Technology will be a key factor in delivering against this emerging global agenda, but unfortunately it can’t just be conjured into existence as in "Star Trek." And even where they exist, technologies need wrap-around business models to bridge between the lab and the market.

We will launch two initiatives in Santa Clara to help expand the spotlight to new mindsets and types of business model designed to deliver breakthrough solutions to tomorrow’s most urgent market needs. The initiatives are closely entwined.

The first is a new report, "Breakthrough Business Models," prepared by Volans for the Business & Sustainable Development Commission, with the results feeding into the commission’s final report, due to launch at the World Economic Forum’s 2017 Davos summit.

The second is Project Breakthrough, a showcase of "where Breakthrough is already happening," co-evolved by Volans and the U.N. Global Compact, the world’s largest sustainable business platform — with some 8,300 corporate members.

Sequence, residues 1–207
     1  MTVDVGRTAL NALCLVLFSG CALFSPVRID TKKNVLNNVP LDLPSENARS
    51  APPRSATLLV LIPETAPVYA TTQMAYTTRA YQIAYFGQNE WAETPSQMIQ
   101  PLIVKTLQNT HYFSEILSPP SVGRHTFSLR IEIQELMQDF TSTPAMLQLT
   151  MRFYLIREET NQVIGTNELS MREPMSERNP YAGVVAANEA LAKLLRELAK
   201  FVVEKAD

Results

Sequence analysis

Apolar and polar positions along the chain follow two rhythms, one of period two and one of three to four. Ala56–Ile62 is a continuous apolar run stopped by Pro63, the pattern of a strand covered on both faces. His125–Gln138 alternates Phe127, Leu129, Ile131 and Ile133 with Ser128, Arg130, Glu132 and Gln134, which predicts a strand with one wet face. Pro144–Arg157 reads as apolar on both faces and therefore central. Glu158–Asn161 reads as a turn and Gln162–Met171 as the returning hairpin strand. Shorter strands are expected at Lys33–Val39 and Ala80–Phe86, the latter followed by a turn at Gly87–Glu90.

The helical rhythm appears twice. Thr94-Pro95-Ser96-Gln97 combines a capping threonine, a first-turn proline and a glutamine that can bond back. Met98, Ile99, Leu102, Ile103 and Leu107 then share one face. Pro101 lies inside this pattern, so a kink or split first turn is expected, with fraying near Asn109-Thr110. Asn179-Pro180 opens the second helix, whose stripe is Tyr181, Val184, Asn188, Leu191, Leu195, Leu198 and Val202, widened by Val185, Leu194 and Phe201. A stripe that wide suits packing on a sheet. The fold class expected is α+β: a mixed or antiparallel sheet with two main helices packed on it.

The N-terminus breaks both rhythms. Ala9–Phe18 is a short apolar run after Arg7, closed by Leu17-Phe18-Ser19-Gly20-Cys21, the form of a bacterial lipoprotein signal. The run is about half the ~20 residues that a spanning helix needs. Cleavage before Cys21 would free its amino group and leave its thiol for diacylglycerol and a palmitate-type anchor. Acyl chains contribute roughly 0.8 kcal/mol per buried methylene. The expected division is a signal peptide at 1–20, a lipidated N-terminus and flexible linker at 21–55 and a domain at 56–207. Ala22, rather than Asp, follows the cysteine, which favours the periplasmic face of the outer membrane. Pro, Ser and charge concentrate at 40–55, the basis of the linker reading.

Under the leadership of Lise Kingo, for many years in leadership positions at Copenhagen-based Novo Nordisk, the Global Compact has embraced the breakthrough innovation mindset and agenda developed since the 2012 Breakthrough Capitalism Forum by Volans and a growing range of partners. The thinking is that this can help corporate leaders get their brains around what will be required of the "business of the tomorrow."

In the spirit of long wave economists Nikolai Kondratiev and Joseph Schumpeter, we see an accelerating shift from a fifth economic cycle to Wave 6, as summarized in the panel below. The timing of Wave 6, needless to say, are guesstimates: